What is a Subplot?
A question that I have been asking myself a lot recently is what exactly is a subplot? Well, a subplot is, to put things shortly, a plot. However, they are not as prominent as the main plot.
Caution!!! Heroes of Olympus Spoilers below!
For example, in the Heroes of Olympus series by Rick Riordan, the main plot is Percy and the rest of the Argo II crew trying to defeat Gaea, thus saving the world. You can tell that this a plot because there is a goal as well as resistance to reaching that goal. Resistance that lasts the entire series. Now, you should know that each POV (point of view) counts as at least one subplot. Even if the characters are generally doing the same thing, the way that they see the situation is going to differ, making each POV at least one subplot. Take the relationship between Percy and Annabeth, they are each going to see their relationship differently, get different things out of it, making each of their views of their relationship a different subplot.
Continuing on with out HoO example, the promise that Leo makes to Calypso is yet another subplot as Leo’s goal is to return to her and leave the island with her. And, yes, he does reach opposition on this front as well.
So subplots are basically plots that go on in the background while the main plot is the main focus of the story.
Why are Subplots Important?
If you are anything like me, then you don’t particularly like having to go over story structure to figure out what should happen in you novel, much less having to go over it over and over again to try and add a subplot or two. So why should you put in the extra time and effort to add subplots to your novel?
Well, first and foremost, subplots add extra depth and dimension to your story and help ensure that there are no particularly dull parts as you are able to switch focus when things are starting to get a bit slow.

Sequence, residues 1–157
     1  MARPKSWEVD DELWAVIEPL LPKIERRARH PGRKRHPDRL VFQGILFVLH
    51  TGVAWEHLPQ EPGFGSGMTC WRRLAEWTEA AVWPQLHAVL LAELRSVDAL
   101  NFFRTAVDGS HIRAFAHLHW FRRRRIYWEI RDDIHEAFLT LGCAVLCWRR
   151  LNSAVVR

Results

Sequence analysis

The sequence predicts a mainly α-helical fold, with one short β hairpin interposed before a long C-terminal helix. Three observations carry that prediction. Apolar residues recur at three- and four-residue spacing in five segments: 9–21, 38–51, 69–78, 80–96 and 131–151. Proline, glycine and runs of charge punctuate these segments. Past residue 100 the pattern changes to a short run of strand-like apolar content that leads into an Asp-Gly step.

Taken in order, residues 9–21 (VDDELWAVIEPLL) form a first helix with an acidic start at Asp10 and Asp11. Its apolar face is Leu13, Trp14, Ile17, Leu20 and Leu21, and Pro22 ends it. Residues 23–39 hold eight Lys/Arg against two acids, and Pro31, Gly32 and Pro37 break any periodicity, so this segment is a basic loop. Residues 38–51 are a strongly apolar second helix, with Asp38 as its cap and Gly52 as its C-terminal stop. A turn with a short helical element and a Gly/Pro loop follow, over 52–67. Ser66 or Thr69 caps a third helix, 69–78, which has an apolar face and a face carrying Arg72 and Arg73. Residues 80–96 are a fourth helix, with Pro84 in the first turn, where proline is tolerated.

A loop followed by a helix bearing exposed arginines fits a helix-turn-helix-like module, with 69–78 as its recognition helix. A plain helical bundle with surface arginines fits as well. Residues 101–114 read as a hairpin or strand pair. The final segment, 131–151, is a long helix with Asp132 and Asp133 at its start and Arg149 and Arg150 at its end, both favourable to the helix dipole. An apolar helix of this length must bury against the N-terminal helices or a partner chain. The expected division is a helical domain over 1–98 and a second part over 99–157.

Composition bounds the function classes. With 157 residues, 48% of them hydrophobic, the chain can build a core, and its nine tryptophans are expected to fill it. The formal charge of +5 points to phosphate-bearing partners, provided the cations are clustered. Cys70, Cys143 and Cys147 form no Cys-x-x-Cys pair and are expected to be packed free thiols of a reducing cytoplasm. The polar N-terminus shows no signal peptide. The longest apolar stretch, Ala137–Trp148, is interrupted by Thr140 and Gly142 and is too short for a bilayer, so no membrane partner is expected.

They Help with Characterization
So not only do subplots add more dimension to your story, they also help with characterization. Subplots allow you to show what your characters are like in situations different from what the main plot provides. For example, if your plot puts your character in scenes where there is a lot of action, your readers will only see what your character is like when fighting or training. But, if you add in a subplot, say in this case a romantic subplot, your readers will also be able to see another side of the character that isn’t just a cold-blooded killer, making the feat of writing three dimensional characters a little bit easier.
They Help with Theme
Similarly to how subplots help with characterization, they also help with theme as they allow you to explore your story’s theme in different lights and angles.
They Should Advance the Main Plot
The main reason why I didn’t exactly grasp what a subplot is was that in most books, subplots bleed into the main plot. For example, in the Heroes of Olympus series by Rick Riordan, the subplot of Leo wanting to be with Calypso ties in very nicely to the main plot of defeating Gaea. It was for reasons like this that I didn’t exactly get what a subplot was as they helped further the plot, making me wonder whether they actually counted as subplots or if they were just part of the main plot.
In fact, the answer is both. Subplots are smaller plots woven into the story with the ability to add more depth, show more facets of characters, analyze the theme in different ways, and further the plot.
I hope this post helped, please share in the comments below.